June 18, 2007
When John Le Carré admitted several years ago he was a longtime agent of Britain’s intelligence services, the bestselling spy-thriller writer explained his involvement in the sort of terms you’d expect from someone who had for decades brilliantly captured boys’ spirits with a romanticized vision of espionage. “I really believed at last that I had found a cause I could serve,” Le Carré, then 69, said in a TV documentary, The Secret Centre. “I also longed for the dignity which great secrecy confers upon you.”
If great secrecy can confer dignity, it can also reap a personal harvest of great emotional wreckage. Such is the lesson of The Champagne Spy, a new documentary about one of the Mossad’s most infamous operations.
The setting is the Middle East in the early 1960s. Egypt’s ambitious leader Gamal Abdel Nasser is luring Nazi scientists to Cairo to facilitate the tyrant’s desire to build a nuclear weapon’s program. At around the same time, a dashing millionaire playboy named Wolfgang Lotz (rumored to be an ex-SS officer) arrives in Egypt and sets up a riding school and horse farm that quickly becomes the social nexus of both Egypt’s elite and their new Nazi imports.
Lotz’s real name is Major Ze’ev Gur Arie. He’s a Mossad recruit who was commander of an Israeli infantry company in the 1956 Sinai campaign. Arie’s covert identity – which gives him access to a tantalizing mix of women, wealth and intrigue – proves intoxicating, and ultimately, tragic for the Israeli wife and child he left behind.
That child, Oded Arie, finally chose to share his story (and never-before-seen family footage) with filmmaker Nadav Schirman, whose documentary is winning awards and impressing audiences on the film festival circuit.
I interviewed Nadav (a friend I met years ago during my stint at the Jerusalem Post) as he was getting ready to fly to California for the Los Angeles International Film Festival.
Did you grow up in a family with secrets?
If there were secrets they were well-kept.
I ask because for all the dramatic exceptionalism of the story, all the elements that might appeal to a spy fanboy’s doofus wonderment, Wolfgang Lutz seems emblematic of a certain segment of the post-holocaust generation, particularly those from Israel – the dysfunction borne out of a festering underbelly of familial secrets and suppressed memories, men of great resource simultaneously crippled by their unaddressed emotions, women forced into great sacrifices in the name of country and children, and so on.
For Lotz, it was even worse than what you describe. He was born in Germany in 1921. His father was a gentile, a theatre director, his mother a Jewish actress. As Hitler seized power in 1933, Lotz’s father killed himself and the desperate mother emigrated to Palestine with her son.
She dumped her son in a boarding school (Ben Shemen, with Peres and such) and tried her luck on the Habima stages. An utter narcissist obsessed with her interrupted acting career, she rarely visited him. That’s when he started to love horses.
Lotz, a German immigrant, was never quite totally a Sabra (native Israeli). His friends in the Hagana didn’t trust him completely—he seemed like an outsider with his Aryan looks, European demeanor and German-tinged accent. That’s maybe why his military career stalled and he left the army at 40, frustrated and of course ripe for the Mossad boys to snatch him up.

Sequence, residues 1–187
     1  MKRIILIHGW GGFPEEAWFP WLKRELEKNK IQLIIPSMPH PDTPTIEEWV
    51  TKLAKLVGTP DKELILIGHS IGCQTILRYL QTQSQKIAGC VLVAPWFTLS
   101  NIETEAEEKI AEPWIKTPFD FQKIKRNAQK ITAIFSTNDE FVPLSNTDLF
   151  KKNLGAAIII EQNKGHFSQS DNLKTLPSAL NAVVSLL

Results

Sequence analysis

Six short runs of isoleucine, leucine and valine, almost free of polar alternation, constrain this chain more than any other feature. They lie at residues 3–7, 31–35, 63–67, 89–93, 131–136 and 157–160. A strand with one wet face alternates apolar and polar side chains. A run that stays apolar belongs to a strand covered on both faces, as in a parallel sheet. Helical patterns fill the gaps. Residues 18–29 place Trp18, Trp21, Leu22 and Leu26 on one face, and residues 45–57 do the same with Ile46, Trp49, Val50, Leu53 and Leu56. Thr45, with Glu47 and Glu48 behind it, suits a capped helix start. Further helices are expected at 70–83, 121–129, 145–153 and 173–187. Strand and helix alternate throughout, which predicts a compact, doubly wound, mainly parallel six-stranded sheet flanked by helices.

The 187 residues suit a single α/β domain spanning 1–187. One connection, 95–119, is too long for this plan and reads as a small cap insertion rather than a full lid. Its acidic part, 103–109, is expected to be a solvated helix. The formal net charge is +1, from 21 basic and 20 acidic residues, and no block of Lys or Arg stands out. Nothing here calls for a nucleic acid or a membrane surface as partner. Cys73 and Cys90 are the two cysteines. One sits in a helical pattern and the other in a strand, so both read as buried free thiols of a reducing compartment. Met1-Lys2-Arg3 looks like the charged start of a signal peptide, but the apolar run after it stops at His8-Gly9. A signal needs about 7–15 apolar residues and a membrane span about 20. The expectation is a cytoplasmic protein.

Speaking of the damage secrets can wreak, you screened this in front of a group of Mossad agents. Describe to me what happened. It must’ve been fascinating to see their reactions.
We screened the film, and afterwards I sat on a panel with the former Mossad psychologist whose job was to evaluate candidates and also treat all psychological hardships that come with the job—the loneliness, the shock of alternating identities and returning home after a mission.
Imagine, you’ve been 5 years undercover, with an unlimited expense account, living high on adrenaline and adventure. Then, suddenly, you’re in a small Tel Aviv apartment and your wife is screaming at you to change the diapers. It’s a tough transition. In the movie, you see how Lotz did not handle the transition well and suffered a tragic end.
It’s hard to fathom the lives these people lead. On the panel, there was also a former agent who was captured in Iraq, tortured and imprisoned for 10 years. He talked about how it’s really true that everyone talks in the end. He said that the decisive moment during his interrogation and torture was when the Iraqis staged his hanging. They forced him to stand on a stool with a noose around his neck for 20 minutes. He thought he was going to die; he had already made his peace. That’s just a crazy situation.
At the premiere screenings in March at the DocAviFilm Festival in Tel Aviv, about a quarter of the audience was Mossad or former “Office” (that’s how they call it, “the Office”). After the panel, on my way out, I was accosted by dozens of former agents who all wanted to thank me for the film. They were open and talkative, going against everything that governs their professional life. The agents’ responses to the film were touching. It gives them a chance to talk about their bottled up emotions, discuss the personal price they paid for their service.